Today, information about vital human services like health care, mental health counseling, food assistance, job training, and other essential resources need to be accessible beyond just a single organization or even a single website. The Open Referral initiative has aligned a previously-siloed field around a common data schema (the Human Services Data Specification) that enables resource directory data to be structured and exchanged in predictable ways. In part through this work, many organizations are now adopting API-based approaches to sharing this critical public information, so our data format must evolve up a level: an API implementation of HSDS would allow organizations to build and disseminate web, mobile, and system-to-system integrations across geographies, institutional contexts, and technological languages.

Details on technical needs

Open Referral is partnering with Benetech to design and implement modular, redeployable open source software that reaches the widest possible audience. We are not dogmatic about the programming language used to develop the project (though we feel that Python, Ruby, or PHP would speak to many of the types of organizations that operate existing human service platforms).

The individual technical components of the Open Referral API platform would be the following:

  • Database - Development of a SQL database following the HSDS specification, acting as a backend for the API that will drive the website, administrative system, as well as 3rd party integrations.
  • Compute - Development of a modular, containerized approach to deploying and providing compute resources using a base open source operating system, and separate configurations for delivering separate containers for the API, website, and administrative portal.
  • Storage - Design and deployment of a centralized cloud storage solution for all heavy objects including images and documents for use across each individual system component available in separate containerized environment.
  • DNS - Crafting of a DNS blueprint that can be used by any organization deploying an open referral implementation, providing a consistent URI structure for use across the API, website, administrative, and developer portal.
  • API - Development of a web API providing JSON read and write access to all data resources in an HSDS compliant format, leveraging HTTP and web technologies that can be securely used by the web and administrative components, as well as the 3rd party integrations.
  • Website - Development of a standardized website implementation allowing users to browse, navigate, search, and engage with human service resources, using a simple HTML interface that employs the API as a data source.
  • Administrative - Development of a standardized administrative interface that allows platform operators to manage all human services data, as well as the website and API developer end-users.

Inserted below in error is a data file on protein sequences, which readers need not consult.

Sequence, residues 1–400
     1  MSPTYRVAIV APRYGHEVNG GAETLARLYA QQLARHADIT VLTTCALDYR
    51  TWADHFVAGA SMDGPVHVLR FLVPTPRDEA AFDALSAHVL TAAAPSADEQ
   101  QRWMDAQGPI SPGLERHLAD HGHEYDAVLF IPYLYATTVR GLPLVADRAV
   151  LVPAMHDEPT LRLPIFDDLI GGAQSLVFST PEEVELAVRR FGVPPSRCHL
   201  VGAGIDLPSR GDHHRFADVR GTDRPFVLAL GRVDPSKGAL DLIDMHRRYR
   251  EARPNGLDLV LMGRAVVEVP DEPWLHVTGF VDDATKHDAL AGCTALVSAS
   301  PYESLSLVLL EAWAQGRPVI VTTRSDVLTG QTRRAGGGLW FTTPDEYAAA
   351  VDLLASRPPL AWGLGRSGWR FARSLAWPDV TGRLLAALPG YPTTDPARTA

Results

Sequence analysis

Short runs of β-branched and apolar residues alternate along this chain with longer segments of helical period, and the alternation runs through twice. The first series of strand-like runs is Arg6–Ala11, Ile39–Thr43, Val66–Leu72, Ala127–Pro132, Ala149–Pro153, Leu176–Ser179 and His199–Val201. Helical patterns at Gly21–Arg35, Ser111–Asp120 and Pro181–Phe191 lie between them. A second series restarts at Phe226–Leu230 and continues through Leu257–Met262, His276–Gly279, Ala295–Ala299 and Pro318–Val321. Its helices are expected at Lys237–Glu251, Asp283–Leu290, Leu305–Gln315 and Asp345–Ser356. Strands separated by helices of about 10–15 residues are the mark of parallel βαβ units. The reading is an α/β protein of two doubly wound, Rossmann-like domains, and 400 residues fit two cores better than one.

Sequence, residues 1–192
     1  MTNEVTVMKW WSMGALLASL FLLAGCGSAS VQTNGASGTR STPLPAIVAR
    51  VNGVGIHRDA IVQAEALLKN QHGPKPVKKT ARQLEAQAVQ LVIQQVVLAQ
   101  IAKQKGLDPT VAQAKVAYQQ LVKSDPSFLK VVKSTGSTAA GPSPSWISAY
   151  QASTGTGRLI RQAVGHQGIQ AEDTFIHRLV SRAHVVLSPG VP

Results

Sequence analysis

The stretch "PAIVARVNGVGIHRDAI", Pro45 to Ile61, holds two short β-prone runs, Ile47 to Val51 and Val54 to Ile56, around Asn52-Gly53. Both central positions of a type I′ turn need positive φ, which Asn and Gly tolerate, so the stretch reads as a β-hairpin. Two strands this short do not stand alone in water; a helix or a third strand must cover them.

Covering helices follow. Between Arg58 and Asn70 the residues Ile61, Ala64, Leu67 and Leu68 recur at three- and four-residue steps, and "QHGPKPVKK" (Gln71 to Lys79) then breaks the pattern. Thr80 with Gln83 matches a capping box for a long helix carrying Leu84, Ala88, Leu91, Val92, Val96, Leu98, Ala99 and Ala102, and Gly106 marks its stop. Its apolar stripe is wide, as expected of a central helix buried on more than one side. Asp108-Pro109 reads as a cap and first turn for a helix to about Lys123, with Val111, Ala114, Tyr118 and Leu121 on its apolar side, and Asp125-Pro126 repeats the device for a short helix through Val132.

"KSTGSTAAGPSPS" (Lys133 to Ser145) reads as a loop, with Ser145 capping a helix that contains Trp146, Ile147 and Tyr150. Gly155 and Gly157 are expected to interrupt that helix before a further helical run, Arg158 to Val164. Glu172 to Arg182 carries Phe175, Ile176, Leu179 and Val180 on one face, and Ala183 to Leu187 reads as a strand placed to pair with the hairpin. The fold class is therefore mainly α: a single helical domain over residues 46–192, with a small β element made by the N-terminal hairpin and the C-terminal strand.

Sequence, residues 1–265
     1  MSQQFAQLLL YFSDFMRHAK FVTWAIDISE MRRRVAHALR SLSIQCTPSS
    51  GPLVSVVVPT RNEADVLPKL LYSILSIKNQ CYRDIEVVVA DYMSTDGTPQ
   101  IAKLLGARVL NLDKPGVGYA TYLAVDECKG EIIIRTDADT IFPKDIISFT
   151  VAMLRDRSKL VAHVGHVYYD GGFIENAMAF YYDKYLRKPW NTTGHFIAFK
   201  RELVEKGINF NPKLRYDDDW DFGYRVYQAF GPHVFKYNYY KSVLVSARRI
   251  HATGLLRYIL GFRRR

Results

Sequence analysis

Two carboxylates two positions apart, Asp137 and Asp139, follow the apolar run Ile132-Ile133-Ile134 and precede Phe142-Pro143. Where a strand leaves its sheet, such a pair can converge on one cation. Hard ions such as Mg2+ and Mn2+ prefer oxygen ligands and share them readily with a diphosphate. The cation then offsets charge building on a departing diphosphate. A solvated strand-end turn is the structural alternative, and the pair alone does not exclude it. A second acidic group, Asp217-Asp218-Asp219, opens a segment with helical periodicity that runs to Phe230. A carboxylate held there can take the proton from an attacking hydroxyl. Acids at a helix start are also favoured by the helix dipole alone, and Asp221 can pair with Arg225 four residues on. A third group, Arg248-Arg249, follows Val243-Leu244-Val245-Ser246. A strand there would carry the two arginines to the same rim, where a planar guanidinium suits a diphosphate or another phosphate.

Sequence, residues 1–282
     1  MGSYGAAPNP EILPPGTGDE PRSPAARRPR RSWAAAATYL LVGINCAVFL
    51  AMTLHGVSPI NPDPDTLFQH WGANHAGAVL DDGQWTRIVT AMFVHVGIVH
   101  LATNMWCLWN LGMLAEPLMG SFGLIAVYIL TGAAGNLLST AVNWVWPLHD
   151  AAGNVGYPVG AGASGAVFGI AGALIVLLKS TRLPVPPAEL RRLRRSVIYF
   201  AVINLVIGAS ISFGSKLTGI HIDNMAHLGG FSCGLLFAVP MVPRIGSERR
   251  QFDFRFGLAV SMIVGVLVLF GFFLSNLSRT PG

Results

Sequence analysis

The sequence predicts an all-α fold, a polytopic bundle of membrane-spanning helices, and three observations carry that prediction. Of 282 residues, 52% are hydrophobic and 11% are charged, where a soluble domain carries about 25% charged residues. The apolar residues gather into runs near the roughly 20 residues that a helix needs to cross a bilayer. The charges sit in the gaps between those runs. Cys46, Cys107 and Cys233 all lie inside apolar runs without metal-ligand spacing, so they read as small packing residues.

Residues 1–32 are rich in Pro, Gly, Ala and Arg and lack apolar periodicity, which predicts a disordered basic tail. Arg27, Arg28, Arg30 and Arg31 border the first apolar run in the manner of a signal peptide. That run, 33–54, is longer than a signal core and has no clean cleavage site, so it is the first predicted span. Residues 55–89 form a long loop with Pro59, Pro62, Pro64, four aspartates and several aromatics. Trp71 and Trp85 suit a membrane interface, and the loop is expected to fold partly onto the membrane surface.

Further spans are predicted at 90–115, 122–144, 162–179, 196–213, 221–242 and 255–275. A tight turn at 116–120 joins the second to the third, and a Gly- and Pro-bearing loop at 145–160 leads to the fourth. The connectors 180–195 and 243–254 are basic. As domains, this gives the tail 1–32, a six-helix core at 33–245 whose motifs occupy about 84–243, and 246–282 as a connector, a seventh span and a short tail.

• Developer Portal - Development of a simple developer portal hosted on Github pages using Jekyll, allowing for publishing of interactive documentation, and other resources for developers to put to use when integrating.
  • User Interface - The user interface across the website, administrative, and developer portal will leverage the Twitter Bootstrap graphical interface, providing a standardized and extensible user interface that many organizations will be able to easily put to use.

While the Open Referral system will leverage a single popular programming language, and employing HTML, CSS, and JavaScript so that it will run on any system, this implementation will developed to operate on the Google Cloud Platform. The project architecture, code reviews, and oversight will be provided by Kin Lane, and Benentech, with organizational and HSDS compliance reviews brought by Greg Bloom and the Open Referral team. The current team has the technical expertise required, all we need is the passion and energy of a Summer of Code student.

What impact are we hoping to have?

With this project, Open Referral and Benetech are looking to build on the momentum we've already developed around the HSDS specification, and existing Ohana implementations. We are looking to provide an open source solution that any non-profit or commercial organization can download or fork, and quickly deploy using the Google Cloud Platform and deliver valuable human services to cities across the country.

This project would help providers deliver human services through multiple channels, sharing with trusted partners, and even opening up data to passionate civic developers who are interested in helping lend a hand to make their communities a better place. With success, we will help decrease the cost of maintaining information about human services and increase the quality and accessibility of that information, thereby improving service discovery and deliverability, yielding healthier people, more resilient communities, and better informed decision makers.

Project 3: Google Home "Actions" Voice Commands for Bookshare Accessibility

Benetech's Bookshare ( is the world's largest online library of accessible electronic books with over 500,000 titles and counting!